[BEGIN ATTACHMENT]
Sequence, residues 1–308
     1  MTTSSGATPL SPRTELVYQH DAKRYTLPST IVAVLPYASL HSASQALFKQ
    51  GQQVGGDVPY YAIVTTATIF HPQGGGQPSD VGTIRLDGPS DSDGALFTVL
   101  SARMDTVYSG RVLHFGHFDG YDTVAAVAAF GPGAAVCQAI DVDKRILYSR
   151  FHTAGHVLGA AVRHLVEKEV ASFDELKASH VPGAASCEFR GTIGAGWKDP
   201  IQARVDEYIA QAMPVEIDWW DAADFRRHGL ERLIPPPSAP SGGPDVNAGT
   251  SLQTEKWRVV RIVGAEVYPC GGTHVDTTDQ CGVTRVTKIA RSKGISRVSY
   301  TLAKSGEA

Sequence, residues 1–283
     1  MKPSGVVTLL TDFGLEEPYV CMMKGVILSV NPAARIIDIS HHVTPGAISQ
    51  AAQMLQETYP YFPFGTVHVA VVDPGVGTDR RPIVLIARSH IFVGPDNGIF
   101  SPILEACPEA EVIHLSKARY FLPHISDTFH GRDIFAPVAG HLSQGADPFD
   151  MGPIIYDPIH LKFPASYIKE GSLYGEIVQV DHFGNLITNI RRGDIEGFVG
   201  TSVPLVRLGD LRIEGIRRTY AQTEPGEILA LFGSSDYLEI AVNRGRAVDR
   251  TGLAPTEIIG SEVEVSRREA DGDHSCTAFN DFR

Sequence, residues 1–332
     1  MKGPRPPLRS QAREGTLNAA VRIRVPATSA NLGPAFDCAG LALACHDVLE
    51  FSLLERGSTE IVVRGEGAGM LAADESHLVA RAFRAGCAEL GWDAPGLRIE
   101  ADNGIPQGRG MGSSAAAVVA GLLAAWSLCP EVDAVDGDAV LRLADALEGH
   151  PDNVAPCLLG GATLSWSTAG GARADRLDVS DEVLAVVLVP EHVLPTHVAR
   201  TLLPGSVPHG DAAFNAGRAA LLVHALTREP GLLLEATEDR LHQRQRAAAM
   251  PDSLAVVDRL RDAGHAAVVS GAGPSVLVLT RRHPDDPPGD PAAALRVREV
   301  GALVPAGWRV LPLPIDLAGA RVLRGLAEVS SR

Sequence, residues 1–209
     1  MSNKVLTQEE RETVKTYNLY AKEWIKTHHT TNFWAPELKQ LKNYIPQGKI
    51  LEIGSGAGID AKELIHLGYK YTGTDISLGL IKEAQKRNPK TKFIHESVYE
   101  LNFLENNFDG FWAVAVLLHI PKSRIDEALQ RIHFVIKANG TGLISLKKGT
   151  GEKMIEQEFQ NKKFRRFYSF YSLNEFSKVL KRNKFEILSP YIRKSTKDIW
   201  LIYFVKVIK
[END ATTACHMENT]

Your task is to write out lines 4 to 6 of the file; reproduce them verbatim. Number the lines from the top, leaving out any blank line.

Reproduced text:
   101  SARMDTVYSG RVLHFGHFDG YDTVAAVAAF GPGAAVCQAI DVDKRILYSR
   151  FHTAGHVLGA AVRHLVEKEV ASFDELKASH VPGAASCEFR GTIGAGWKDP
   201  IQARVDEYIA QAMPVEIDWW DAADFRRHGL ERLIPPPSAP SGGPDVNAGT